The historical changes in the EU come at the rate of existential crises. And the covid-19 is not just any. When the member states prepare their plans and reforms to be able to enjoy the recovery funds, of which Italy and Spain are the great beneficiaries, the European Union simultaneously advances in the creation of an effective European prosecutor’s office in the fight against fraud economic. Although the first stones of the project began to be placed long before the appearance of the virus, the agency, which had been set last November to start operating, does not finish starting due to continuous delays and setbacks.

At the head of the European Prosecutor’s Office against Fraud (EPPO, for its acronym in English), in charge of investigating, prosecuting, and bringing to trial those responsible for crimes against European financial interests, stands the figure of the Romanian Laura Kövesi, named Attorney General in 2019 by the European Parliament (EP) and the Council and that he is an anti-corruption symbol in his country.Every year, the EU loses around € 1 trillion in revenue – that is, around € 2,000 for each European citizen – due to tax fraud and evasion, according to estimates by the European institutions.

Specifically, the European Commission reported in 2018 a loss of 140,000 million euros in VAT revenue. As a result of the pandemic and the management of recovery funds, those figures are expected to pulverize. This week, EPPO announced a collaboration agreement with Europol, the EU law enforcement agency, to fight together against crimes against the EU Budget including organized crime and cross-border fraud. As the EU’s criminal intelligence center, “our cooperation with Europol is a strategic tool to better fight those who try to steal money from European citizens,” the statement from the European Public Prosecutor celebrated.

To date, prosecuting crimes such as VAT fraud was the sole responsibility of the national prosecutors of the Member States, who instead lacked jurisdiction beyond their borders. For their part, institutions such as Europol or the EU anti-fraud office, OLAF, had no legal authority to act. Many of the EPPO investigations will be based on documents and instructions carried out by these institutions”, assesses Dragos Tudorache, Romanian MEP for the liberals of Renew Europe a Europa Hoy. Tudorache participated last Tuesday in an appearance by Kövesi herself before the Justice (LIBE) and Budget Control (CONT) commissions of the European Parliament.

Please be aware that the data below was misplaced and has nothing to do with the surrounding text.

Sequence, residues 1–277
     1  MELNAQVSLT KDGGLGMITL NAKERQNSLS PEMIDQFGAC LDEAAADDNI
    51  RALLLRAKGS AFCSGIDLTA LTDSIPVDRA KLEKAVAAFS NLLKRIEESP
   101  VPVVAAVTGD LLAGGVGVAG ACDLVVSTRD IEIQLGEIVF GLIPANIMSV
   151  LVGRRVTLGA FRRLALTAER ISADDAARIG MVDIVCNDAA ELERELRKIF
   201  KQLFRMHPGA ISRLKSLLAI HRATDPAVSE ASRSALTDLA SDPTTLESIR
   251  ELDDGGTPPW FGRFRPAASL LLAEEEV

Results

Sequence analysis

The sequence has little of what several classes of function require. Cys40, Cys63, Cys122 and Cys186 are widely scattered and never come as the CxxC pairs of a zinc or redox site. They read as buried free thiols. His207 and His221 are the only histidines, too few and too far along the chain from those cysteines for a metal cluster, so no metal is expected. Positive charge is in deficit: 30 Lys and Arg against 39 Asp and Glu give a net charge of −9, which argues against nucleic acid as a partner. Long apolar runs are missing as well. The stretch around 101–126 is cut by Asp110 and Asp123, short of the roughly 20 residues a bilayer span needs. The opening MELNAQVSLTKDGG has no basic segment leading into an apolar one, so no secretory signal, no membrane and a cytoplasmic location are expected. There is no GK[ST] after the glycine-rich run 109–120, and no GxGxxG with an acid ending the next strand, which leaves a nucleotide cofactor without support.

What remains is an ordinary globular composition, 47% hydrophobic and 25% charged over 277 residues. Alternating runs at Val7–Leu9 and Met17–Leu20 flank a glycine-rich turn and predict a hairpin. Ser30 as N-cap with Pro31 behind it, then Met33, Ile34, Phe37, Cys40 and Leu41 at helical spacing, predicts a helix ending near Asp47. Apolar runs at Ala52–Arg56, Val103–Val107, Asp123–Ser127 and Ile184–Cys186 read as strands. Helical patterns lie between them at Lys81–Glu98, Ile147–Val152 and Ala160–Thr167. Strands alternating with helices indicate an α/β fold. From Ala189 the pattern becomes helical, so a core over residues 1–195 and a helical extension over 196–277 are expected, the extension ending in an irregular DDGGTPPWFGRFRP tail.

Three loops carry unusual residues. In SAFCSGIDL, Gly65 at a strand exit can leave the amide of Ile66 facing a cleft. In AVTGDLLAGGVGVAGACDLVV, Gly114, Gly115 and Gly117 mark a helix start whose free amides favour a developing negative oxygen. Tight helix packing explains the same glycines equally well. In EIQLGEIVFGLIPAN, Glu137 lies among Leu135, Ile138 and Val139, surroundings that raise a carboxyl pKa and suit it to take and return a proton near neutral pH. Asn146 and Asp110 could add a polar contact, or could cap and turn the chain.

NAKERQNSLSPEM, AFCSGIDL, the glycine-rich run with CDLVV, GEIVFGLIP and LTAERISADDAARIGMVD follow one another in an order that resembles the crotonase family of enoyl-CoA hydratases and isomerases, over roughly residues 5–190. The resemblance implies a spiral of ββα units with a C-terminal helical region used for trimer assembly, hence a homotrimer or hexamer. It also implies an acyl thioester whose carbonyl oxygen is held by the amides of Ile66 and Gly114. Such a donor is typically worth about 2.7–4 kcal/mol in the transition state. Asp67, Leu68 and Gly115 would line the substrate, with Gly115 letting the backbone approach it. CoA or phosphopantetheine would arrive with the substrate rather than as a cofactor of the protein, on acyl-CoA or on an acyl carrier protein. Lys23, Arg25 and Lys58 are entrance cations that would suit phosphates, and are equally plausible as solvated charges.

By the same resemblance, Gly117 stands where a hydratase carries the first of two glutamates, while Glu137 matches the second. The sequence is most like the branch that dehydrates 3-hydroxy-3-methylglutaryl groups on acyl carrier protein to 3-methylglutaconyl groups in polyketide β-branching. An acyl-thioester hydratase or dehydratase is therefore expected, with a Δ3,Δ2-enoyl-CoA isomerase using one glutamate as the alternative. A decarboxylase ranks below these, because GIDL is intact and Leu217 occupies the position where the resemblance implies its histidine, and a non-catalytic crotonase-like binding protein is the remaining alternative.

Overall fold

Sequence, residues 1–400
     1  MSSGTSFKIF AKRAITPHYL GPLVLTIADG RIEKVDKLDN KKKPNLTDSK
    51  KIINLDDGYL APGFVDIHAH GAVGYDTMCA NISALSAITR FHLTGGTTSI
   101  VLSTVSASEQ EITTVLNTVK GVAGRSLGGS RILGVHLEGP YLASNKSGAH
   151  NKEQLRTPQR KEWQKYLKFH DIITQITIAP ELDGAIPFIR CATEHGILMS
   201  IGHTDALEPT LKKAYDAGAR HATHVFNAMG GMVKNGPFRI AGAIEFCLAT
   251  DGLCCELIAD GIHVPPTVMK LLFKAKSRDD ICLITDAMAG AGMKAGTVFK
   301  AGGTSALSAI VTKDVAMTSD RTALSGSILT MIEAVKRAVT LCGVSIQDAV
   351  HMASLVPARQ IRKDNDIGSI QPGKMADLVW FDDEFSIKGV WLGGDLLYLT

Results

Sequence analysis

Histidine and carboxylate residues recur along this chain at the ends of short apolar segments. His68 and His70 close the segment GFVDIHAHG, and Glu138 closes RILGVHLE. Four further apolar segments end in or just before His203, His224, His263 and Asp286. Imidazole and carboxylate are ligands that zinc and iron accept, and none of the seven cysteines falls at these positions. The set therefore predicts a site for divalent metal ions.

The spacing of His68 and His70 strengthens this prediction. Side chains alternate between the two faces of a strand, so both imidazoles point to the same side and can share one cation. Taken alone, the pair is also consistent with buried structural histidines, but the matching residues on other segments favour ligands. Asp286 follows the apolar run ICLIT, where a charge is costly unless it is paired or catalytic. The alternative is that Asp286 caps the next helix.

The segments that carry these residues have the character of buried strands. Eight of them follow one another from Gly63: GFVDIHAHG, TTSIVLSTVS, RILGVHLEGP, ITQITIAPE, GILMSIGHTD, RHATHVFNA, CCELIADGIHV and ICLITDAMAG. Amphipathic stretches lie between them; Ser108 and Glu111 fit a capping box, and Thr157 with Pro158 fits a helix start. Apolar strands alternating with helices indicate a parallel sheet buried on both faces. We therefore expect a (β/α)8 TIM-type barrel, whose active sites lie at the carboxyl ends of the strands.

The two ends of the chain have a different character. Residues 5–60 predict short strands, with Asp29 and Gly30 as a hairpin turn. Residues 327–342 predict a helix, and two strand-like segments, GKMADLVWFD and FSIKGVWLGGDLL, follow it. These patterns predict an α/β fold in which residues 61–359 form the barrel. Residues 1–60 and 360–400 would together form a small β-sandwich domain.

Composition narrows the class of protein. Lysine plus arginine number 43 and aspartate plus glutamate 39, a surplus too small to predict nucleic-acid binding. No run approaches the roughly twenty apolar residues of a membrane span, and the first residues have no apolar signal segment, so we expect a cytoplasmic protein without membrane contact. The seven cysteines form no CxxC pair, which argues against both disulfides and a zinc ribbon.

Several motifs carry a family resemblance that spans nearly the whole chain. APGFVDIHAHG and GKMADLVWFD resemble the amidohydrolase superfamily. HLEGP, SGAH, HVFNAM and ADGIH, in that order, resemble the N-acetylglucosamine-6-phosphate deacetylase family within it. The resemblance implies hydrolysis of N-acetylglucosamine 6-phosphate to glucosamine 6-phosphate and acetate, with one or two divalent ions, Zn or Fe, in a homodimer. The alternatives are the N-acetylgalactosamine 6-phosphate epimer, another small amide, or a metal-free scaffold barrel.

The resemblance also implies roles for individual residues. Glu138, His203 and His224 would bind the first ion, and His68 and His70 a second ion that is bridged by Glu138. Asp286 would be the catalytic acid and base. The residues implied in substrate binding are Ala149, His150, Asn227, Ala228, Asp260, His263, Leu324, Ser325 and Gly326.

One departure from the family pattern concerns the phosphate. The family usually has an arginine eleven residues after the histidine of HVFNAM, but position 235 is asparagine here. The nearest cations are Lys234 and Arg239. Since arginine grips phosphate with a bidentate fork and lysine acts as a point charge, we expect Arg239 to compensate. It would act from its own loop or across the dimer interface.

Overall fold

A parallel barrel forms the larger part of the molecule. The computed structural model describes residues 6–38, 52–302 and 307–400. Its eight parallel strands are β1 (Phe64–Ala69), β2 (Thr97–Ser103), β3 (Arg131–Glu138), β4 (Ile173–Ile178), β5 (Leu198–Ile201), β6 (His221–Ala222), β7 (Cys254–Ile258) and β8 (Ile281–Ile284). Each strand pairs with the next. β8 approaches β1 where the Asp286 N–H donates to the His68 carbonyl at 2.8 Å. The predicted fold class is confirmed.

Given the nearly 2,000 cases that the European Prosecutor’s Office (based in Luxembourg) could open, according to estimates by the prosecutor Kövesi herself, MEPs from the LIBE committee of the EP accuse the Council of doing everything possible to ensure that the EPPO unsuccessful: lack of funds, understaffing and meddling in the prosecutor selection process. “The members of the EPPO should be appointed based on the results of an evaluation carried out by an independent panel of experts at the European level. The problem is that the Council has not taken these evaluations into account, and not just once but several times, and based on false information, “says Tudorache. The longer the nominations process is delayed, he stresses, the more “suspicions will be raised about the interests behind the Council.

The European Commission yesterday asked the Member States to avoid further delays in the start of operations of the European Prosecutor’s Office against fraud, created in 2018, and in which only 22 of the 27 capitals currently participate. ‘The Commission wants to see this in the first half of the year. In December I already asked (the countries) to appoint prosecutors and apply the necessary legislation, ”demanded the Commissioner of Justice, the Belgian Didier Reynders, in a few words collected by Efe. “It is essential that the money from the European budget is well spent and protected against fraud,” he added.
Among the laggards, Bulgaria, Belgium, and Portugal stand out, which precisely inaugurates the rotating presidency of the Council. Last July, the socialist government of António Costa promoted the nomination of José Guerra against the recommendation of an independent European ‘advisory panel’, which had opted for Ana Carla Almeida, under criteria of professional experience and skills.

Against the verdict of the expert council, Lisbon presented Guerra’s candidacy in the fall of 2019, including falsehoods on his resume as a prosecutor. MEPs from the center-right European People’s Party and Renew Europe, liberal, have asked the Executive for explanations about what has been interpreted as a political appointment, far from the independence aspirations of the nascent European Attorney General’s Office. Among the Socialists, according to party sources, they accuse the popular Portuguese of wanting to muddy the beginning of the Portuguese presidency of the Council at such a decisive moment for the Union.

Behind the scenes, with great discretion, Kövesi strives to raise the Prosecutor’s Office before a scenario that can be critical when the recovery funds arrive. He will not have it easy, as he did not lead the National Anti-Corruption Directorate (2013-2018) in Romania, one of the most corrupt countries in the EU, along with Bulgaria and Hungary, according to the NGO Transparency International. Accustomed to making history – not for nothing did she become the youngest attorney general in Romania – she now faces the challenge of her life. “I am very confident in Kovesi’s work, he did a great job in Romania for years pursuing corruption, but the Prosecutor’s Office needs resources,” concludes his compatriot Tudorache. The reputation of the institution, and consequently of the EU itself, depends on being allowed to succeed.